Just a few years ago, the rise of plant-based meat seemed inevitable. Major grocery stores and fast food joints started adding these faux meat alternatives to their product mix as consumer demand skyrocketed.
Now the boom has ended. The novelty has faded while the fake meat has taken center stage in the ongoing backlash against corporate “wokeness.”
The sudden reversal of this trend highlights several economic factors that impact consumers and investors alike. Here’s a closer look.
The ‘wokeness’ backlash
While the term “woke” first popped up in the Black American community, it had grown into a global phenomenon as a catch-all term for everything relating to awareness of racial and social justice matters.
Part of the reason the term is so widely used and loosely defined is that corporate entities have embraced it so thoroughly. Organizations like Whole Foods, Pinterest and Adidas adopted the trend to restructure everything from human resources to marketing campaigns — a phenomenon the Harvard Business Review has dubbed “woke washing.”
Plant-based meat companies are closely associated with this phenomenon. Beyond Meat and Impossible Foods mention “climate change” and “animal welfare” several times on their website and in corporate reports.
The marketing strategy worked initially, driving double-digit annual sales for both companies and major brand partnerships. However, the growing cynicism about woke capitalism has upended this strategy. Recent data from Information Resources Inc., or IRI, suggests that fake meat sales are declining in 2022, while analysis from Deloitte Consulting LLP. indicates that the market may already be saturated in the U.S.
Deloitte also suggests that consumer disenchantment with the term “woke” is making these products less appealing for the average shopper.
The cultural backlash against “wokeness” isn’t the only reason for declining sales. Inflation could be driving consumers away too.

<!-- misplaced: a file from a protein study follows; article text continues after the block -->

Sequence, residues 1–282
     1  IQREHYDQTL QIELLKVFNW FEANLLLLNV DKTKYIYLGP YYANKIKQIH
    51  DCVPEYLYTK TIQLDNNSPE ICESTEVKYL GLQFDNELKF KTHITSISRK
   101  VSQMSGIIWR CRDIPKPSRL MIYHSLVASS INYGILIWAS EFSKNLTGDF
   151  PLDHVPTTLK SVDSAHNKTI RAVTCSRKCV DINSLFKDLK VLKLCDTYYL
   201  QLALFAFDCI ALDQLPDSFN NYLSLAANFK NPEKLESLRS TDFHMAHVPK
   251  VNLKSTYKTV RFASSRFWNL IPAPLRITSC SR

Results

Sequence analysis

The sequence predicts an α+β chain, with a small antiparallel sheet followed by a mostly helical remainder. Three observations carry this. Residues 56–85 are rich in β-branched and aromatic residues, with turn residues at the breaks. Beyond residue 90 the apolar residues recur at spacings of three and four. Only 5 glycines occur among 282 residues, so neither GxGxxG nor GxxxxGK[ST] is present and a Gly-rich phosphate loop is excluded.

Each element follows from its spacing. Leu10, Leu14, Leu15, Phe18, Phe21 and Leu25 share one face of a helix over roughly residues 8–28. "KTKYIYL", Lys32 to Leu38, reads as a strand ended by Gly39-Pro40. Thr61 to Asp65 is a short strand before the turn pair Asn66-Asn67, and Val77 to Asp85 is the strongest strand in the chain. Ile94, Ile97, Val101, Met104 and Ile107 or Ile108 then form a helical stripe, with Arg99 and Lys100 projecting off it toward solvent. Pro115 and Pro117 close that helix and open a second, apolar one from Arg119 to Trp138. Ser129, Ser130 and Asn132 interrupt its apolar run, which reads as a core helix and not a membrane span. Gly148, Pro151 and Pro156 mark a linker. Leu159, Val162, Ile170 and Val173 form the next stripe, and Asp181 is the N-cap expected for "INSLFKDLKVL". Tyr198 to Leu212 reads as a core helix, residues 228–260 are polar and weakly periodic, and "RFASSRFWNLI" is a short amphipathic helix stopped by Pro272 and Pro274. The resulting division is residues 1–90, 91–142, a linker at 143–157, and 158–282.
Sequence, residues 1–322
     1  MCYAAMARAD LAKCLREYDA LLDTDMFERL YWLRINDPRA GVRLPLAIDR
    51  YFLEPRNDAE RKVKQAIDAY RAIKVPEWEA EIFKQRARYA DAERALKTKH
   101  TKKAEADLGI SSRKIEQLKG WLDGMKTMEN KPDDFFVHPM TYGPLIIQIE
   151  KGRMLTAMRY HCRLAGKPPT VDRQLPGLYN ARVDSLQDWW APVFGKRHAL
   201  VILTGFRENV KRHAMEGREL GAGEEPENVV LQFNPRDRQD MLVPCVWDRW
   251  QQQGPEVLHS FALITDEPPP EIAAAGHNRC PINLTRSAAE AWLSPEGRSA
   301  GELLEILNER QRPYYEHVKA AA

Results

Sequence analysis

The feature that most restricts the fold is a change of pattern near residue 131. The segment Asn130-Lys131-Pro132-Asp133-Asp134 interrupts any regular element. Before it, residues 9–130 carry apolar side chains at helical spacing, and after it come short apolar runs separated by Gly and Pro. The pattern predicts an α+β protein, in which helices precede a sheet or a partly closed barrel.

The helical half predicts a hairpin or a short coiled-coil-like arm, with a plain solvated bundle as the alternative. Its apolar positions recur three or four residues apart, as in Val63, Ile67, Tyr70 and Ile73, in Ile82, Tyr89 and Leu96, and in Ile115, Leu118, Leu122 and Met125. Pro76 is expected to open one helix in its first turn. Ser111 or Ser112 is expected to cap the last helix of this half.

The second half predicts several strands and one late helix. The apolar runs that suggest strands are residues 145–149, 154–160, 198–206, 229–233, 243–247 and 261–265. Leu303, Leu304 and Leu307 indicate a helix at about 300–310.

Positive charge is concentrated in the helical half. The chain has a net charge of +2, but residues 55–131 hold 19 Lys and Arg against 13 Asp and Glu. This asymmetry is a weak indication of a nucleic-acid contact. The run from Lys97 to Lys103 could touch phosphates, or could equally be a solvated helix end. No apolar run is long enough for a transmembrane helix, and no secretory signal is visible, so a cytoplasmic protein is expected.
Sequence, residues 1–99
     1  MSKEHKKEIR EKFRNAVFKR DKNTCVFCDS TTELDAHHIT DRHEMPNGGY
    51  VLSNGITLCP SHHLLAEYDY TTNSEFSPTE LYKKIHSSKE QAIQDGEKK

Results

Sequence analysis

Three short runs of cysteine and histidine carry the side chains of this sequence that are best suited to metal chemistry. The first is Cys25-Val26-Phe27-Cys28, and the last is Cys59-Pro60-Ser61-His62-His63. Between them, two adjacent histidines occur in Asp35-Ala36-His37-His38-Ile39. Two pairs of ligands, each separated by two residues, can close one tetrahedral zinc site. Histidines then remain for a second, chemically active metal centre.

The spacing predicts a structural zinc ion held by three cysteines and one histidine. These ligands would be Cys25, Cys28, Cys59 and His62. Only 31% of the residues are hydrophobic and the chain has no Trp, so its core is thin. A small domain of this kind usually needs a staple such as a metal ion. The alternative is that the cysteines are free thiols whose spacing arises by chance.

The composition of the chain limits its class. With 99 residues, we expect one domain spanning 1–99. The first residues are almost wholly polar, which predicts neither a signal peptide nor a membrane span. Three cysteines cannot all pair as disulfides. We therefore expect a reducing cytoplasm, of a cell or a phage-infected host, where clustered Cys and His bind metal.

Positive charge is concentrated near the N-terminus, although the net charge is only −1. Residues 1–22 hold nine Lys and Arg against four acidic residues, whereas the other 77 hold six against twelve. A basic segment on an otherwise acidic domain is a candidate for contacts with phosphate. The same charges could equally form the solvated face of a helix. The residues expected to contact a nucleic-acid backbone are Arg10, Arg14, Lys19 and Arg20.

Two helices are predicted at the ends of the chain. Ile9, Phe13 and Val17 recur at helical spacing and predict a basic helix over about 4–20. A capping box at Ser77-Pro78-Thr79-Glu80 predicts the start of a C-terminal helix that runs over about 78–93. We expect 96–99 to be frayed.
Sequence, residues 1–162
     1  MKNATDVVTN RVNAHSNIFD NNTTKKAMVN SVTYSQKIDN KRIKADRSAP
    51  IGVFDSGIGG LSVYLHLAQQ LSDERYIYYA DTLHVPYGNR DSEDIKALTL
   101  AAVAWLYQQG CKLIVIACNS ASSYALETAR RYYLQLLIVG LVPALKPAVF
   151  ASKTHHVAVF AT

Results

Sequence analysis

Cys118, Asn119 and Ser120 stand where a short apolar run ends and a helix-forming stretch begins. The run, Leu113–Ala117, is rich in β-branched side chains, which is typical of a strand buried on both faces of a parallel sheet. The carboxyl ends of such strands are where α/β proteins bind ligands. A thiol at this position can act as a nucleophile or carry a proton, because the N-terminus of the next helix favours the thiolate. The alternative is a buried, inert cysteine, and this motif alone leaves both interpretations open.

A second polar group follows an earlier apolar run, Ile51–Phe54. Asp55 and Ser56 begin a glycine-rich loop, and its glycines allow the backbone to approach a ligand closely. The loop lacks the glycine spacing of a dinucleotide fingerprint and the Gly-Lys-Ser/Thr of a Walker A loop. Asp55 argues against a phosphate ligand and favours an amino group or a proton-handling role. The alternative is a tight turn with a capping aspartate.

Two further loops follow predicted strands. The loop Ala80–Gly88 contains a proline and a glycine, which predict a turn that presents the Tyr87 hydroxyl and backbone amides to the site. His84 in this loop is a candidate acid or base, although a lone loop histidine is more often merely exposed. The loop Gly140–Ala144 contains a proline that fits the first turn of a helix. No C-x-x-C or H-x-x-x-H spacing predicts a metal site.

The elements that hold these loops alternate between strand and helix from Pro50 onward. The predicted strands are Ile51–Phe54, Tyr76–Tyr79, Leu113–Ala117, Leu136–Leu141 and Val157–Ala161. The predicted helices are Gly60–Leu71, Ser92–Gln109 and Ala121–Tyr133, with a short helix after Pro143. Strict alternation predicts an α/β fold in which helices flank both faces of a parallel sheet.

Niche fake meat products are likely to struggle in this environment. Products from Impossible Foods and Beyond Meat cost significantly more than traditional meat brands because they lack the economies of scale of their larger competitors.
Industry experts believe fake meat brands could take 15 to 20 years to achieve price parity with regular meat.
Which means consumers struggling with their grocery bills may have substituted their meat already.
A lesson for new investors
The rapid rise and sudden fall of fake meat holds an important lesson for investors. The economy is cyclical, but some sectors and products are immune to this cycle if they’re sufficiently essential.
Traditional food companies like Conagra Brands Inc and Hormel Foods Corp. have outperformed the stock market this year. Conagra stock is up 4.9% and Hormel is down 1.2% — while the S&P 500 has lost 17% of its value year-to-date.
Fertilizer companies have performed even better. Nutrien — the world’s largest producer of fertilizers — is up 3.5% year-to-date.
All these stocks also offer reasonable dividend yields.
The lesson for investors is simple — forget fads and bet on long-term trends that are immune to market cycles. Making money is much easier when the product or service is a basic necessity.
What to read next
This article provides information only and should not be construed as advice. It is provided without warranty of any kind.
Read More: Fake meat sales are now plunging because of high prices and being too ‘woke’ for